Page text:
May Term, 1898.
James P. Judge, for the appellant.
Charles B. Alexander, for the respondent.
The complaint alleges that the defendant corporation was engaged in the business of manufacturing white lead, in the city of Brooklyn in the year 1890, and that such business and the process and ingredients therein used are dangerous to the life and health of all who are employed therein or in the factory where the business is carried on; that the plaintiff was employed by the defendant as an assistant engineer or machinist in the factory; that the defendant, knowing the danger of such employment, failed to inform the plaintiff thereof, but, on the contrary, informed him that there was no danger or hazard to health from being thus employed in the business; that the plaintiff was ignorant of any such dangerous effects, and being employed in the factory that "his system and body became thoroughly permeated, impregnated and saturated with lead poisoning and other paint poisons peculiar to the business of manufacturing and handling paints, whereby he was and is affected, and has and yet suffers from lead poisoning and its concomitants, and has suffered, and continues to suffer, great bodily pains and anguish, and has been and is still incapacitated, * * * and that he believes that he is permanently disabled from working."
The defendant, in its answer, denies "that the business carried on by it, and the process and ingredients used therein, are dangerous to the life and health of all who are employed therein, or in the factory or premises in which such business is carried on, but upon information and belief admits that persons susceptible by nature thereto are, in certain branches and departments of such business, exposed to the danger of lead poisoning, so-called, which danger is a well-known and recognized risk incident to employment in the business of the manufacture of white lead."
The answer also denies that the defendant informed the plaintiff that there was no danger or hazard, or that there was any negligence or disregard of defendant's duty to the plaintiff.
It appears that in July, 1889, the plaintiff's employment commenced, and that it continued until July, 1890, when he was suddenly stricken with paralysis. In the course of his employment the plaintiff was called upon to do work in all parts of the factory, which was a structure covering two and one-half city blocks, and in which were employed 400 or 500 people. Both parties admit the dangerous character of the employment. Sponges and handkerchiefs are furnished by the defendant for the use of the men.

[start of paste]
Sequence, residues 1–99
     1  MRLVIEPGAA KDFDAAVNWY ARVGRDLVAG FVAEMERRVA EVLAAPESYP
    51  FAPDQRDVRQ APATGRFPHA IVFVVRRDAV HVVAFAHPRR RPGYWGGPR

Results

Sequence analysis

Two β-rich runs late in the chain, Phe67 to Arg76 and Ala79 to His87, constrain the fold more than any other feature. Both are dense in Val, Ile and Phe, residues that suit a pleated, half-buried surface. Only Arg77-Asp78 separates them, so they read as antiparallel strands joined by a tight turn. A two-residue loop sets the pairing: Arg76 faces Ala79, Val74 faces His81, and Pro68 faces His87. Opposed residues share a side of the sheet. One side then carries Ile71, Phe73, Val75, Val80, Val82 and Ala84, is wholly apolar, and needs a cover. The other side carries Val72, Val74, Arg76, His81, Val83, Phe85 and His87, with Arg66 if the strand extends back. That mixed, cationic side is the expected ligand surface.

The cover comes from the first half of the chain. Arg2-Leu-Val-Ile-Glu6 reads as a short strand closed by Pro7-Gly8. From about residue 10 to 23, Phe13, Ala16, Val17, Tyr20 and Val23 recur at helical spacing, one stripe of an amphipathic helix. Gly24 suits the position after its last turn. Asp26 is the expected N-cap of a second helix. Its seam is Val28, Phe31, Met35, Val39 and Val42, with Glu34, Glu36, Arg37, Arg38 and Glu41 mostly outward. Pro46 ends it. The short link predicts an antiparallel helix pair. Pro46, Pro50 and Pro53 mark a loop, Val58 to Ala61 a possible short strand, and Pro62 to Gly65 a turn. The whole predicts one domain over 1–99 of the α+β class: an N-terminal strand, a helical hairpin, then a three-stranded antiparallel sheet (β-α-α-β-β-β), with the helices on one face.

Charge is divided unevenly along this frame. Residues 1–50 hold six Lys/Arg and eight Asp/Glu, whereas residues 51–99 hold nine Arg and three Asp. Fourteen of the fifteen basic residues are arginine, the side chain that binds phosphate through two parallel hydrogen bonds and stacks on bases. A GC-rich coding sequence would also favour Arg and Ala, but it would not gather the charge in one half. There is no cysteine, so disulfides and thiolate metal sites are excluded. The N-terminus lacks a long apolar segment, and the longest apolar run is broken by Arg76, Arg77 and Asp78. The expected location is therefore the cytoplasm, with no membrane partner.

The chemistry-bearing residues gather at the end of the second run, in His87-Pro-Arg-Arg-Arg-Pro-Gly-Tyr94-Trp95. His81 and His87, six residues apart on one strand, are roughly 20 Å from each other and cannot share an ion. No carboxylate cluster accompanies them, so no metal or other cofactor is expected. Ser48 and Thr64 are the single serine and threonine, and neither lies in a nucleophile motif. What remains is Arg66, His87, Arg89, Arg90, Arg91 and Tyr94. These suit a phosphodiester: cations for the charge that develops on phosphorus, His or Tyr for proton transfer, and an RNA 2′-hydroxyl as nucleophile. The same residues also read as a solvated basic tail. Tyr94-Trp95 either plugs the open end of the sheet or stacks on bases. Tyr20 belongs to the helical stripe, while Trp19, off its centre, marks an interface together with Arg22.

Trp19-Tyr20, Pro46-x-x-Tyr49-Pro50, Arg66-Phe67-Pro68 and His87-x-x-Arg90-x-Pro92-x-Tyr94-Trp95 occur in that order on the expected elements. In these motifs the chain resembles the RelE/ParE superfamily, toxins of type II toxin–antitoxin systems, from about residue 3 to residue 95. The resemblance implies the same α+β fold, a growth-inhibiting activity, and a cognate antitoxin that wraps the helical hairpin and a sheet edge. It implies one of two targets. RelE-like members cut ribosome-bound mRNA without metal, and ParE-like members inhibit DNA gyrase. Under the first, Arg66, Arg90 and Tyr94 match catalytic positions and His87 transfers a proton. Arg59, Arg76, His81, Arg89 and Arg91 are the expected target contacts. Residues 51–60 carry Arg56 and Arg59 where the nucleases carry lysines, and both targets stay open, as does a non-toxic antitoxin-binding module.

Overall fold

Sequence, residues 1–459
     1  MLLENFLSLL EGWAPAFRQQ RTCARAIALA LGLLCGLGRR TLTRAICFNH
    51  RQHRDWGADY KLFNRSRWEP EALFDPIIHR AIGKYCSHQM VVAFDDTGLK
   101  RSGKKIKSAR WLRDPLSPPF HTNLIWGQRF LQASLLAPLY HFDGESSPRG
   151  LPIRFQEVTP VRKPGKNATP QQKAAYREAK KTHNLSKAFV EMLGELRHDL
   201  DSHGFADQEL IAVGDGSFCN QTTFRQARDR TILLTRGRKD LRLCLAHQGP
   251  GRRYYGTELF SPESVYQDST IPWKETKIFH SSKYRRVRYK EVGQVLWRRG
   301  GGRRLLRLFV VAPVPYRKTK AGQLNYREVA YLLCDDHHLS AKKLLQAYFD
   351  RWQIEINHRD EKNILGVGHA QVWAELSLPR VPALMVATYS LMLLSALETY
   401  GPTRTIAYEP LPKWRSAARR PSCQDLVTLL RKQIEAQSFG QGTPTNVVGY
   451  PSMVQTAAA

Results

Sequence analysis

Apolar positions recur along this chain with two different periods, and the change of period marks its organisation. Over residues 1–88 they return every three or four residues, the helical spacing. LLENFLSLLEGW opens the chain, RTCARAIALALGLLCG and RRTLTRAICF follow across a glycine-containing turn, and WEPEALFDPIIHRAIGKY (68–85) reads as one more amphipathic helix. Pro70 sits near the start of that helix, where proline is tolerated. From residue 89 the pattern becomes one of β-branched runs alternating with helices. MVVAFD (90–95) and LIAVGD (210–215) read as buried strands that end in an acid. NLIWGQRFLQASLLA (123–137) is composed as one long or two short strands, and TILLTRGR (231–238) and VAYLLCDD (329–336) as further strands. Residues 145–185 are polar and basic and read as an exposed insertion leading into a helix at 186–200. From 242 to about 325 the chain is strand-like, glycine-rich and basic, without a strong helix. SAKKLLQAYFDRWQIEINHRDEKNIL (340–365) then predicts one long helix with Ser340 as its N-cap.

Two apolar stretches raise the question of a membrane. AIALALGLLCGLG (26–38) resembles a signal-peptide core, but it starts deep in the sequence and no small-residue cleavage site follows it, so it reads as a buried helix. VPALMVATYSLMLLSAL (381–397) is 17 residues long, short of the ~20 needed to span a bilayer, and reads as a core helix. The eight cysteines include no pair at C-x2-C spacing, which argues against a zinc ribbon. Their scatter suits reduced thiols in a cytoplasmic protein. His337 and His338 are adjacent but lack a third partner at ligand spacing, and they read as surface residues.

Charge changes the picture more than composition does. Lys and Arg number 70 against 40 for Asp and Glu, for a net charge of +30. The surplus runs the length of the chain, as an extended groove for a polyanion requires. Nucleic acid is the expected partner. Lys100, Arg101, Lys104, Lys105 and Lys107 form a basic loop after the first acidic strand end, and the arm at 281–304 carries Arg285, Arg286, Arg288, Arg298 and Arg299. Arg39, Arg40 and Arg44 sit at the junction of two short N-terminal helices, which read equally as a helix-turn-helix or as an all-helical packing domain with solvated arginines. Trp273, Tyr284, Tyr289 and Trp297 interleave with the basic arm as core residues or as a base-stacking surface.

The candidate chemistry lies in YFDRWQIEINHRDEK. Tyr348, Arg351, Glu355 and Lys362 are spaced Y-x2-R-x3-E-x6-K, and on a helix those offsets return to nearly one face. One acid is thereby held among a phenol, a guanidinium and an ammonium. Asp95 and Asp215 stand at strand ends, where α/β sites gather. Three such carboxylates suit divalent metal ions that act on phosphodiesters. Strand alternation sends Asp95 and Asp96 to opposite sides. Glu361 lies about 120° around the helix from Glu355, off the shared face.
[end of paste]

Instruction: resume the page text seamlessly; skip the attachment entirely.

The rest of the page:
The plaintiff testified: "I don't remember ever seeing any workmen with handkerchiefs over their noses or sponges over their mouths. I do not mean to say that I never saw any workmen there with sponges in their mouths, or over their mouths; I don't remember ever seeing them. I won't state that I never did, but swear that I don't remember anything about it; as far as that was concerned I don't remember ever seeing them." He further testified that he heard the workmen speak of a lead colic after he had been there some time; that the chief engineer told him, "Harry, look out for the dust, or you will get a buckle in your stomach;" that he had been in the factory nine months before he heard the subject of lead colic spoken of by the officers; that after he had been there several months he heard that there was danger, and noticed that there were several cripples there, among them the engineer, who had a crippled hand, and that he was told by him "that he thought it was an affection of the lead — wrist drop; * * * he told me it was lead affliction."
Larwill, the defendant's chief engineer, testified that he told the plaintiff "to be very careful, and wash himself carefully and use Pearline, as it was a better solvent than soap to wash lead off, and be particularly careful to wash the lead dust from his moustache if anywhere around the mouth, and whenever he got a sweet taste in his mouth to wash his mouth out. * * * By the Court: Q. What did you ever say to him? A. I told him to be careful about getting lead in his mouth, because if he swallowed it it would give him the belly ache, and particularly to be careful about getting lead in under his finger nails, and also to avoid getting anything in his mouth, and it has been my custom to mention to them — * * * I remember saying that `if you find you have got the belly ache look at your gums and see if there are blue lines on them, and if there are you had better get some iodide of potash, as soon as you can, but I am not allowed to prescribe for you, you better go and see your own doctor,' that is the gist of the thing, it may not be the words." He also testified that men were made "more or less sick" every week.
It will be observed that the plaintiff simply denies that he has memory of this notice, but admits that he used Pearline, to wash with; yet he was not recalled to deny the testimony of the engineer. It is difficult to believe, upon these undisputed facts, with the common knowledge of the danger of lead poisoning, that a workman of ordinary intelligence, employed in a paint factory and having access and occasion to go to all parts of it, could have been ignorant of the frequent sickness of the workmen or of the use of sponges and handkerchiefs or of the precautions taken by the workmen to avoid inhalation of or contact with particles of lead. This is not a case of a workman going amid dangers in respect to which he had no knowledge or instruction and being suddenly injured by some unexpected accident.